Through our partnership with TopoGEN, Inc. and from the direct purchase of our products, we are able to utilize and study a highly specialized type of cancer cells, called HeLa DIM cells, which give us direct visualization and quantification of epigenetic modifications to the cells being treated with a particular drug or compound. This is achieved through observing expression of a 'reporter' gene called GFP or green fluorescence protein in the HeLa DIM cells. Reporter genes allow us to monitor the activity of these epigenetic alterations in real-time by observing the increase or decrease in the GFP intensity based on the amount of the GFP protein being expressed in each cell. When the DNA is methylated it will show a decrease in GFP expression; conversely when the DNA is demethylated there will be an increase in GFP expression, which we can measure through highly specialized equipment. GFP is a rapid and effective monitor readout for DNA methylation status of the reporter gene.

HeLa DIM Cell FACS sorting plot showing two distinct groups expressing GFP DIM cells (left) and Bright Cells(right)

EVOS image showing HeLa DIM Cells that reveal different GFP expression patterns (DIM vs. Bright)

Flow Cytometry (FACS) counts and measures GFP in cells one cell at a time, based upon the specific light scattering and fluorescent characteristics of each cell. We are looking specifically at the GFP florescence activity after a colony of cultured cells has been treated with a predetermined amount of a given cannabinoid. Using a high powered EVOS fluorescence microscope, we can image live cells in real time to get an immediate readout of the cells expressing the GFP protein and their level of expression. Since we are viewing living cells, we also get a good look at the overall health and growth of the cells before and after being treated with a specific cannabinoid. The imaging (lower) and Flow readout (top) clearly show the differences between Dim and Bright cells.

Experiment A.

In this analysis, we asked a simple question: Do any of the known, purified cannabinoids alter the epigenetics of a human cell? Our system is designed to rigorously answer this question by analyzing the GFP expression profiles of Dim and Bright cells as described above. The graphs below are measuring populations of Dim and Bright cells in the population of cells before or after cannabinoid treatment. The control sample of untreated cells is shown in Panel A. Roughly half of the cells are 'Bright' or unmethylated cells while the remaining are "Dim" or methylated GFP. This experiment tests whether different cannabinoids CB(D,G,N,C) have the ability to shift or change the Dim: Bright ratio. For example, if the Dim cells are shifted to Bright cells, we would logically conclude that methylation of reporter gene (GFP) is being reduced. In contrast, if the Bright cell population is suppressed, we would conclude that the cannabinoid is stimulating methylation of the reporter.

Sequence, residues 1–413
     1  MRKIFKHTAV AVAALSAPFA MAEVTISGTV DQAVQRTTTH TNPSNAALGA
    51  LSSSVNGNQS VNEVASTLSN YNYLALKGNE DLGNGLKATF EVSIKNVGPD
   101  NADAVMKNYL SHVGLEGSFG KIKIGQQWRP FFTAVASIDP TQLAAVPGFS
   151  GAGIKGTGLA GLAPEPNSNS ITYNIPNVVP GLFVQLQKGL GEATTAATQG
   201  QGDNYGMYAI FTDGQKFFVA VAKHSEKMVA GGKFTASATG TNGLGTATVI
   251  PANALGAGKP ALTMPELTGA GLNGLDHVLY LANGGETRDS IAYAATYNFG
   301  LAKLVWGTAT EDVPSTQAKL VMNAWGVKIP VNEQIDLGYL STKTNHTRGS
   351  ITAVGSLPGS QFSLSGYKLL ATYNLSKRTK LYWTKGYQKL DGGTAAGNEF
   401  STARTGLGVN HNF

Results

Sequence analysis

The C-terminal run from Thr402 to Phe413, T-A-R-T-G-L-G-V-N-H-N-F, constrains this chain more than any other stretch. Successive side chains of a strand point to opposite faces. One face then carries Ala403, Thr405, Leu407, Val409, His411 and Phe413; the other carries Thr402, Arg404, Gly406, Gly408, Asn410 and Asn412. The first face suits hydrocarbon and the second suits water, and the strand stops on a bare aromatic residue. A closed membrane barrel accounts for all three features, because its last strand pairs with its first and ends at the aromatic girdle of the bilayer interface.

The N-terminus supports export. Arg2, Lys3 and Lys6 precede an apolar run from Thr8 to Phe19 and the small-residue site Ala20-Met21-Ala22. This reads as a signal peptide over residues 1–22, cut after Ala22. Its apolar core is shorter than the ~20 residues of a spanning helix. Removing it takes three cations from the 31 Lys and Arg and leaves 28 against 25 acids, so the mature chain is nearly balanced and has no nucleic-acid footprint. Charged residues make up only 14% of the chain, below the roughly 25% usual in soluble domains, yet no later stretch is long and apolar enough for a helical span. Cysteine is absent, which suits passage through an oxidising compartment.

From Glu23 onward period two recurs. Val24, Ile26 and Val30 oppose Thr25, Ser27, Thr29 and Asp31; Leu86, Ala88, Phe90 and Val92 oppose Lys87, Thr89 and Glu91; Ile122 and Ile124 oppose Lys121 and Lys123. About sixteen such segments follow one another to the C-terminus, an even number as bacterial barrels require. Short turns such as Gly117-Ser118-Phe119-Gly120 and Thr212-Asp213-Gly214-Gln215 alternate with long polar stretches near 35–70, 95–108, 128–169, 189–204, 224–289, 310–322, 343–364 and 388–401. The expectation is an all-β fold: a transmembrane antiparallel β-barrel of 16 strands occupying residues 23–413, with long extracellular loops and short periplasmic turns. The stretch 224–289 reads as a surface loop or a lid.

A negative control shows about 38% cells are Bright and 62% are Dim cells (ie, roughly half and half).

A negative control shows about 38% cells are Bright and 62% are Dim cells (ie, roughly half and half).

CBG and CBN are similar to CBD but are not as potent in stimulating DNA methylation.

CBC was quite different in response. The Bright population was clearly elevated, showing that CBC is stimulating the removal of methyl groups from DNA.

This experiment is important because it shows: 1). Cannabinoids can and do alter epigenetic profiles; 2) Epigenetic revisions take place in the context of living cells and require several days to act; 3) The effect on epigenetics is different with each cannabinoid; 4) These studies open up a new field of study to find which genes might be altered by cannabinoids in normal, healthy tissues compared to diseased cells (cancer, for example); 5) All cells were healthy and dividing normally throughout the 5-day experiment (not shown). In other words, the cells were fully viable over the course of the experiment, which is important to demonstrate.

Study 1. Key Findings

  • CBXGEN has developed interrogation tools for the epigenome and specifically for following DNA methylation revision in live cells.

  • We show that cannabinoids have the ability to modify DNA methylation patterns in a model gene (GFP) suggesting that they very likely can alter expression of genes potentially occurring within different tissues of the human body.

  • Study 1 establishes a new area of cannabinoid pharmacology: the study of epigenetic gene expression modifications and how these changes could be used to treat different human diseases or alter specific pathologic disease processes.

  • For the first time, we show that different cannabinoids each have a differential impact on epigenetics, opening up new inroads for drug development originating from hemp.

  • Please continue to purchase our products and help support this vital research, thank you!